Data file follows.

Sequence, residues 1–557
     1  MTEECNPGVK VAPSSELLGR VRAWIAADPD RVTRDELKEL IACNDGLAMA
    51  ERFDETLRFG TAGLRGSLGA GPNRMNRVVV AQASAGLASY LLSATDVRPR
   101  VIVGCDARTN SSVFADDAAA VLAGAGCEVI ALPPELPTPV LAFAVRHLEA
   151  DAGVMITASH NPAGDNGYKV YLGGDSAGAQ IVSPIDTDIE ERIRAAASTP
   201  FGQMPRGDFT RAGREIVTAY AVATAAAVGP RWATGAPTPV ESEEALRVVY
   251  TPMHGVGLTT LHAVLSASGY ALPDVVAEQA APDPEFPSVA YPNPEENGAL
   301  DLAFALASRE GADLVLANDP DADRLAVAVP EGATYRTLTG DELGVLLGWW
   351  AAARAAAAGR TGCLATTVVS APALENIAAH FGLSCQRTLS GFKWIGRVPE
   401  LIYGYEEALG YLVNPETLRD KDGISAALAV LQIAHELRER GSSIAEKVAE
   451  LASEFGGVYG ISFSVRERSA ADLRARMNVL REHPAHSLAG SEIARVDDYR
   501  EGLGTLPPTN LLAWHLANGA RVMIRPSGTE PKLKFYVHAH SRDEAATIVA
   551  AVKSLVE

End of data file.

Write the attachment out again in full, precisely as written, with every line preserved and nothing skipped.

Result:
Sequence, residues 1–557
     1  MTEECNPGVK VAPSSELLGR VRAWIAADPD RVTRDELKEL IACNDGLAMA
    51  ERFDETLRFG TAGLRGSLGA GPNRMNRVVV AQASAGLASY LLSATDVRPR
   101  VIVGCDARTN SSVFADDAAA VLAGAGCEVI ALPPELPTPV LAFAVRHLEA
   151  DAGVMITASH NPAGDNGYKV YLGGDSAGAQ IVSPIDTDIE ERIRAAASTP
   201  FGQMPRGDFT RAGREIVTAY AVATAAAVGP RWATGAPTPV ESEEALRVVY
   251  TPMHGVGLTT LHAVLSASGY ALPDVVAEQA APDPEFPSVA YPNPEENGAL
   301  DLAFALASRE GADLVLANDP DADRLAVAVP EGATYRTLTG DELGVLLGWW
   351  AAARAAAAGR TGCLATTVVS APALENIAAH FGLSCQRTLS GFKWIGRVPE
   401  LIYGYEEALG YLVNPETLRD KDGISAALAV LQIAHELRER GSSIAEKVAE
   451  LASEFGGVYG ISFSVRERSA ADLRARMNVL REHPAHSLAG SEIARVDDYR
   501  EGLGTLPPTN LLAWHLANGA RVMIRPSGTE PKLKFYVHAH SRDEAATIVA
   551  AVKSLVE